Free Birth Control Bill on Fast Track in Massachusetts House

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By Katie Lannan and Michael P. Norton

BOSTON — A bill that would guarantee copay-free coverage for birth control in Massachusetts earned initial approval in the House Wednesday morning and appears likely to be advanced to the Senate later in the day.

The bill (H 4009) would guarantee free access to oral contraception for women in Massachusetts, let women pick up a 12-month supply of birth control after their initial prescription, and mandate coverage of emergency contraception at pharmacies without a copayment or a new prescription.

A Center for Health Information and Analysis report released last week found the bill’s mandates will cost the health care system between $1.9 million and $5.7 million annually over the next five years, adding between 84 cents and $2.40 to the annual premium for a Massachusetts subscriber.

Dr. Jennifer Childs-Roshak, president of the Planned Parenthood Advocacy Fund of Massachusetts, has called the bill “commonsense legislation,” saying accessible and affordable contraception “is imperative for keeping women and families healthy and helping them thrive.”

Some Catholic organizations oppose the bill, despite the exemption for church or qualified church-controlled organizations who would be allowed to opt out.

“What the Left describes as ‘access’ is, actually, a state mandated subsidy, which burdens the consciences of those forced, against their will, to provide it,” Catholic Action League executive director C.J. Doyle said in a statement.

The bill is based on legislation sponsored by Speaker Pro Tempore Patricia Haddad and Rep. John Scibak. In the Senate, Majority Leader Harriette Chandler of Worcester is the chief sponsor. The legislation has gained momentum in part due to an executive order issued by President Donald Trump.

The Trump administration announced last month new rules it said would “provide conscience protections” to Americans with religious or moral objections to paying for health insurance covering contraception. White House Press Secretary Sarah Sanders said the move was made because Trump “believes that the freedom to practice one’s faith is a fundamental right in this country” and the federal government should protect that right.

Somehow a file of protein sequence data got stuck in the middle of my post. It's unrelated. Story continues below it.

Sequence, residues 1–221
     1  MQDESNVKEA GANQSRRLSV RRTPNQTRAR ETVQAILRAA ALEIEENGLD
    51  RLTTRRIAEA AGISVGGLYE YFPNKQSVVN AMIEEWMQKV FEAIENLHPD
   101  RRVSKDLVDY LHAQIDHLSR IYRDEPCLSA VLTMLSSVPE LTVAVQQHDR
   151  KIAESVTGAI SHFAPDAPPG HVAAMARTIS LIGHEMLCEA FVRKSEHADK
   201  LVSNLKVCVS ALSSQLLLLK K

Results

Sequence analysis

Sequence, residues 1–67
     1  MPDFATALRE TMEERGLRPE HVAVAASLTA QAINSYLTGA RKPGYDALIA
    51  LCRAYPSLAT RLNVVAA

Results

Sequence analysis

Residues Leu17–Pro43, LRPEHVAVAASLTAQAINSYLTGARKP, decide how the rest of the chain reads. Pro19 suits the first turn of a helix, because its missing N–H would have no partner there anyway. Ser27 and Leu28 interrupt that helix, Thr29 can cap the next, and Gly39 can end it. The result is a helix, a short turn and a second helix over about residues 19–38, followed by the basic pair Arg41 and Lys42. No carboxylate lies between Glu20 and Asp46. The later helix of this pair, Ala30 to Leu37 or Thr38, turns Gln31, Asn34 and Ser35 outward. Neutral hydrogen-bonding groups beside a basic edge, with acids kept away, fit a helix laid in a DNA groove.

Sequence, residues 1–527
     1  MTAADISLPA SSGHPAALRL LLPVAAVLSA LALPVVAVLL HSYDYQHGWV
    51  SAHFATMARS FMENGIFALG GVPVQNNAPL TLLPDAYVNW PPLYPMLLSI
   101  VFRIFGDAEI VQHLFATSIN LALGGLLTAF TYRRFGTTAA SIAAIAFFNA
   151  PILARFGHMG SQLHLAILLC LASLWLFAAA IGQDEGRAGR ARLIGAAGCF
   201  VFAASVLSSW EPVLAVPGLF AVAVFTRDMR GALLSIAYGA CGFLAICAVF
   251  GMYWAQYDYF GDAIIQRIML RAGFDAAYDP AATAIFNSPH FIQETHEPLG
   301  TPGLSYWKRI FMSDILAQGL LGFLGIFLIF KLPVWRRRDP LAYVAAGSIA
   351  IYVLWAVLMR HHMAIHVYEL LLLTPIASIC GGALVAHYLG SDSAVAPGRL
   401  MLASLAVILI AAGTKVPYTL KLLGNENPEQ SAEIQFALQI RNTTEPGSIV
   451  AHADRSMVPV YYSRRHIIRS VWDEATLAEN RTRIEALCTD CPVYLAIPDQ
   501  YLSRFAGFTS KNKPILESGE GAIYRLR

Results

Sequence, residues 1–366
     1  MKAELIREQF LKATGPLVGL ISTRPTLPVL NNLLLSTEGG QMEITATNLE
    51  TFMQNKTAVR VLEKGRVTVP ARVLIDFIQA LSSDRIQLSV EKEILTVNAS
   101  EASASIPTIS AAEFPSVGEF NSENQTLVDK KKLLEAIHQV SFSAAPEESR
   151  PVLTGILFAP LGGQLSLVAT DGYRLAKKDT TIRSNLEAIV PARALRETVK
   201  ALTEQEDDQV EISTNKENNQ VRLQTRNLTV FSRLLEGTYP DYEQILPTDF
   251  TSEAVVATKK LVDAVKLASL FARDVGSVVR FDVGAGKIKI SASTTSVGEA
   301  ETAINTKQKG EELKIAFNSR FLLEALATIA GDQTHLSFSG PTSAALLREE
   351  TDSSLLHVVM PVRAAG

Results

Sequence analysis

Congresswoman Katherine Clark on Wednesday said “hundreds of thousands of women across the country could lose access to the birth control they depend on” due to Trump’s decision.

“We’re already seeing the effects this week at the University of Notre Dame — where the university told staff and students that they would no longer provide access to contraception,” Clark wrote in an email.

During an Oct. 6 press briefing, Sanders was asked what she would say to women who have to pay more out of pocket to get contraception coverage.

According to a transcript, Sanders said, “This is a President who supports the First Amendment, supports the freedom of religion. I don’t think I understand why that should be an issue. The Supreme Court has validated this decision certainly many times over. And the President is somebody who believes in the Constitution. If people don’t like what the Constitution says, they should talk to Congress about changing it.”

In a recent op-ed, Sen. Elizabeth Warren wrote that the Affordable Care Act required employer-sponsored health insurance policies to cover birth control without additional costs.

“Contraception helps level the economic playing field for women. With birth control available, women have more chances to go to school, get jobs, create businesses, and grow our economy,” Warren wrote. “They can more reliably plan their economic futures. But birth control offers these benefits only when women can access it – and when their bosses can’t dictate what types of birth control it’s appropriate for them to use.”

With formal sessions scheduled to end for the year on Nov. 15, House leaders have put the contraception bill on a sudden fast track. The bill received a favorable recommendation from the Financial Services Committee Monday, the Health Care Financing Committee OK’d it Tuesday and the full House took it up on Wednesday morning after it quickly passed through the House Ways and Means Committee.